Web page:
# Thread: sets of measure zero

1. ## sets of measure zero

Prove that the union of two sets of measure zero has measure zero.

2. Originally Posted by friday616
Prove that the union of two sets of measure zero has measure zero.
Let $\displaystyle X_1, X_2$ be sets of measure zero. Let $\displaystyle \sum_{n=1}^{\infty}|I_n^{i}|,$ for i=1,2 be the sum of lengths of open intervals that cover for $\displaystyle X_1, X_2$, respectively. Since $\displaystyle X_1, X_2$ are measure zero, given $\displaystyle \epsilon >0$, we can have $\displaystyle \sum_{n=1}^{\infty}|I_n^{i}| < \frac{\epsilon}{2}$, for i=1,2, respectively.

Now, if $\displaystyle \epsilon >0$, then we have $\displaystyle \sum_{n=1}^{\infty}|I_n^{1}| + \sum_{n=1}^{\infty}|I_n^{2}| < \frac{\epsilon}{2} + \frac{\epsilon}{2} = \epsilon$ as a cover for $\displaystyle X_1 \cup X_2$. Thus, a union of two sets of measure zero is of measure zero.

3. Hello,

I don't understand why you talk about intervals... we don't know if we're in the real line, do we ?

Here is a way... The idea is to write $\displaystyle X_1\cup X_2$ as a union of disjoint sets of measures 0.

In particular, we have $\displaystyle X_1\cup X_2=(X_1\backslash X_2)\cup(X_2\backslash X_1)\cup(X_1\cap X_2)$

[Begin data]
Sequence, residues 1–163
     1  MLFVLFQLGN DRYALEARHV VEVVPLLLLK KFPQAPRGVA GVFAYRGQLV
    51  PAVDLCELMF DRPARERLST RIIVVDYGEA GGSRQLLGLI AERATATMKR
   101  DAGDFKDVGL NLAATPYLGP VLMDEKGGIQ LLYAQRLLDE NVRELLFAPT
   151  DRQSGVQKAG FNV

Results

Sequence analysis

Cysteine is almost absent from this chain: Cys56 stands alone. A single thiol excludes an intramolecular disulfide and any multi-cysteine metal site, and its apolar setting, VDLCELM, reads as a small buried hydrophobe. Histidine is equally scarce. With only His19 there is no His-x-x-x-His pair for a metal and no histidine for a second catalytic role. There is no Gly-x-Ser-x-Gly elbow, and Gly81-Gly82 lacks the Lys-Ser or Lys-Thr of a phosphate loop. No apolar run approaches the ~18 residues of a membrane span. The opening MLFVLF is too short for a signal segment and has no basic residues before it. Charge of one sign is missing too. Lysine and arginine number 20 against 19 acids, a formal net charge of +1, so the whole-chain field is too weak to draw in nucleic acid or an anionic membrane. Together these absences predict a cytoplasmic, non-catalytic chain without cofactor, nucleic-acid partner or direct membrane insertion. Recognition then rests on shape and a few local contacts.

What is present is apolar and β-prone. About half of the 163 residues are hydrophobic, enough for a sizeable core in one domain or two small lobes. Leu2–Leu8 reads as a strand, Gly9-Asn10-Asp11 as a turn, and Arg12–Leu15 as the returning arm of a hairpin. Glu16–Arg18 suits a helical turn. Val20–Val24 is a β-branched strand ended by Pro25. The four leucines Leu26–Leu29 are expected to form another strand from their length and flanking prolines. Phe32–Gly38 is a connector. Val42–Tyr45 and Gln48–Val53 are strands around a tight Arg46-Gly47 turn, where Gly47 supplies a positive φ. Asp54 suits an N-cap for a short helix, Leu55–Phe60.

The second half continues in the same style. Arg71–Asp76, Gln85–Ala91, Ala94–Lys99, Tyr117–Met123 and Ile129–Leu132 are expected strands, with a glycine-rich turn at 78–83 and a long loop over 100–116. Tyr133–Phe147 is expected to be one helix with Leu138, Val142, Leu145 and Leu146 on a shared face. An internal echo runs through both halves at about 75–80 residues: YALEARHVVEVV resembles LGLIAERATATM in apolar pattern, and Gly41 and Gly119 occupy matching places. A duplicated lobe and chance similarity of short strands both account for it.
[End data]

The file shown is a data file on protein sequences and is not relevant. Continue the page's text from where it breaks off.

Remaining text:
where $\displaystyle A\backslash B=A\cap B^c$

Since for any set A,B, $\displaystyle A\cap B\subset A$, it follows that $\displaystyle \mu(X_1\backslash X_2)\leq \mu(X_1)=0$
And since $\displaystyle \mu(X_1\backslash X_2)\geq 0$, it follows that $\displaystyle \mu(X_1\backslash X_2)=0$

The same is applied to $\displaystyle X_2\backslash X_1$ and $\displaystyle X_1\cap X_2$

And we have an axiom that says that the measure of the union of disjoint sets is the sum of their measures.

And you're done

4. Originally Posted by Moo
Hello,

I don't understand why you talk about intervals... we don't know if we're in the real line, do we ?

Here is a way... The idea is to write $\displaystyle X_1\cup X_2$ as a union of disjoint sets of measures 0.

In particular, we have $\displaystyle X_1\cup X_2=(X_1\backslash X_2)\cup(X_2\backslash X_1)\cup(X_1\cap X_2)$

where $\displaystyle A\backslash B=A\cap B^c$

Since for any set A,B, $\displaystyle A\cap B\subset A$, it follows that $\displaystyle \mu(X_1\backslash X_2)\leq \mu(X_1)=0$
And since $\displaystyle \mu(X_1\backslash X_2)\geq 0$, it follows that $\displaystyle \mu(X_1\backslash X_2)=0$

The same is applied to $\displaystyle X_2\backslash X_1$ and $\displaystyle X_1\cap X_2$

And we have an axiom that says that the measure of the union of disjoint sets is the sum of their measures.

And you're done
The notion of measure zero does not involve any Lebesgue measure theory in some situations (link). Some analysis books introduce "measure zero" before introducing Lebesgue measure theory.

The definition of measure zero I had used is

"A set of points capable of being enclosed in intervals whose total length is arbitrarily small" (link).

5. Yeah, I referred to the Lebesgue measure (more precisely to the real line) because you were talking about intervals. And I didn't know this definition, thanks

6. Wow, what a way to overprove something. Use the subaditivity anyone?
$\displaystyle \mu(A \cup B) \leq \mu(A) + \mu(B)=0$